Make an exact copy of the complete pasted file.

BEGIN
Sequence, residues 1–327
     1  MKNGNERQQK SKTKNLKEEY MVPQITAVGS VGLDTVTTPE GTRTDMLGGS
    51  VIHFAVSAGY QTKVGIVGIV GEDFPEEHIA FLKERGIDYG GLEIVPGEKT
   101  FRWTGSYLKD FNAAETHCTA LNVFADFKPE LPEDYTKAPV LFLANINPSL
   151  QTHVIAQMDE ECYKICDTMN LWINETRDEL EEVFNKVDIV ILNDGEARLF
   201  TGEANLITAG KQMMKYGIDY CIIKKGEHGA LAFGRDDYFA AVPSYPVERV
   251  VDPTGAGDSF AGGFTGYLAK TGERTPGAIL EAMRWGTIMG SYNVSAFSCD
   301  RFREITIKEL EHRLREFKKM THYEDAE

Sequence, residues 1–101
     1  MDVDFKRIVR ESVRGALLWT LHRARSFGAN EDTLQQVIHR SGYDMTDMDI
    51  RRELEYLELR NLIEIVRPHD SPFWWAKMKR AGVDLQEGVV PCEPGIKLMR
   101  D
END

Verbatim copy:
Sequence, residues 1–327
     1  MKNGNERQQK SKTKNLKEEY MVPQITAVGS VGLDTVTTPE GTRTDMLGGS
    51  VIHFAVSAGY QTKVGIVGIV GEDFPEEHIA FLKERGIDYG GLEIVPGEKT
   101  FRWTGSYLKD FNAAETHCTA LNVFADFKPE LPEDYTKAPV LFLANINPSL
   151  QTHVIAQMDE ECYKICDTMN LWINETRDEL EEVFNKVDIV ILNDGEARLF
   201  TGEANLITAG KQMMKYGIDY CIIKKGEHGA LAFGRDDYFA AVPSYPVERV
   251  VDPTGAGDSF AGGFTGYLAK TGERTPGAIL EAMRWGTIMG SYNVSAFSCD
   301  RFREITIKEL EHRLREFKKM THYEDAE

Sequence, residues 1–101
     1  MDVDFKRIVR ESVRGALLWT LHRARSFGAN EDTLQQVIHR SGYDMTDMDI
    51  RRELEYLELR NLIEIVRPHD SPFWWAKMKR AGVDLQEGVV PCEPGIKLMR
   101  D